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Farm Bureau advises vigilance as Spotted Lantern Flies lay eggs

Delaware Department of Agriculture
Delaware Department of Agriculture

The Delaware Farm Bureau urges the public to remain vigilant when it comes to the spotted lanternfly.

The spotted lanternfly has been found in all three Delaware counties and can do serious damage to a host of plants, trees and crops. Heavy populations of feeding lanternflies can cause branch dieback, wilting, or plant death.

The invasive species is particularly destructive to tree-of-heaven, grapes, apples, stone fruits, walnuts, willows, and maples.

September is usually when lanternflies start laying their eggs - and so the Farm Bureau says killing them before they do and destroying any eggs when found is critical to limiting their impact in the First State.

The Farm Bureau’s Jenn Antonik adds finding and reporting spotted lanternflies is critical to limiting their impact.

“When you find one or two now, you could find 50 at the end of the season - you could find 100 or 200 next year. All of those lantern flies could negatively impact not just Delaware agriculture, but forestry in Delaware - we’re talking about state parks, about anywhere you might go for a leisurely walk. The lantern flies suck the life out of our plants.”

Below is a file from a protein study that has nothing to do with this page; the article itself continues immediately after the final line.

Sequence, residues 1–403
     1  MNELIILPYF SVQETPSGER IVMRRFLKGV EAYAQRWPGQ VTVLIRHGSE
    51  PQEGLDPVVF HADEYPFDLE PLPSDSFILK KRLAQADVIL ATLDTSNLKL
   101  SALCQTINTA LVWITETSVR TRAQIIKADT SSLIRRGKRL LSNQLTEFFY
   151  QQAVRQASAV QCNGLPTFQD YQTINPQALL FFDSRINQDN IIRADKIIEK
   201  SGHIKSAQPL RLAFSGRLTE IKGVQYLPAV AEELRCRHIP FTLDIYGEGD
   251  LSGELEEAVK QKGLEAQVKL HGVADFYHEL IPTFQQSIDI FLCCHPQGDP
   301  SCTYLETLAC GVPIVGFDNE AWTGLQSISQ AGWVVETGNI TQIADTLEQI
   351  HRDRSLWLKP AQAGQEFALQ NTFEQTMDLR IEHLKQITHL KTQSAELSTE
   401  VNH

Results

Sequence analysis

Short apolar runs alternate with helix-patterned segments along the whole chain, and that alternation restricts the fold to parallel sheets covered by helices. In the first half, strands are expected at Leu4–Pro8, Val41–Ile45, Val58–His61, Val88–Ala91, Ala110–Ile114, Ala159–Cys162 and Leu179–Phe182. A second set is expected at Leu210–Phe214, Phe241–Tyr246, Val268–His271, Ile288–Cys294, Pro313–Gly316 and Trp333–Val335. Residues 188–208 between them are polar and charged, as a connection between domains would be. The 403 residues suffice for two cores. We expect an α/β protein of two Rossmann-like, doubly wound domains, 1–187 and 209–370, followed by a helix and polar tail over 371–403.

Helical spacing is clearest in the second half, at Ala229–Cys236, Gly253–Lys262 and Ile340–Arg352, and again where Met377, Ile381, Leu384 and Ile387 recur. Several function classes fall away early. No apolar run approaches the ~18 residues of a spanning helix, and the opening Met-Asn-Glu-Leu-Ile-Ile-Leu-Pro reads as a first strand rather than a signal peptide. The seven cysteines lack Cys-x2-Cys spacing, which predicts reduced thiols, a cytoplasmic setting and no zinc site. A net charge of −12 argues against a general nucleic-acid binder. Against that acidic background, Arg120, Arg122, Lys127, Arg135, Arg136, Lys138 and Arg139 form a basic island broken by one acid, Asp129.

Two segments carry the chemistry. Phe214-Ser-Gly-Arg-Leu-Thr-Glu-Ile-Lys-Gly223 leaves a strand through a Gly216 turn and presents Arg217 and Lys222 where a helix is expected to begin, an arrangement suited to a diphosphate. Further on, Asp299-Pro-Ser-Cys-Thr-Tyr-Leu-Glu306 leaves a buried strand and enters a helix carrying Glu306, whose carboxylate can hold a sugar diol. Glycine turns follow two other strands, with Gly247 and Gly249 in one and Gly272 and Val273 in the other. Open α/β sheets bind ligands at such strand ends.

“The state of Delaware has a reporting place - it’s online - and you can report when you see a sighting, and they also have more information on identification and what to do if you see them, that kind of thing.”

Lantern fly sightings can be reported online at Delaware’s Department of Agriculture website, which also offers tips of finding lanternflies and dealing with them.

Spotted Lanternfly - Delaware Department of Agriculture

Karl Lengel has worked in the lively arts as an actor, announcer, manager, director, administrator and teacher. In broadcast, he has accumulated three decades of on-air experience, most recently in New Orleans as WWNO’s anchor for NPR’s “All Things Considered” and a host for the broadcast/podcast “Louisiana Considered”.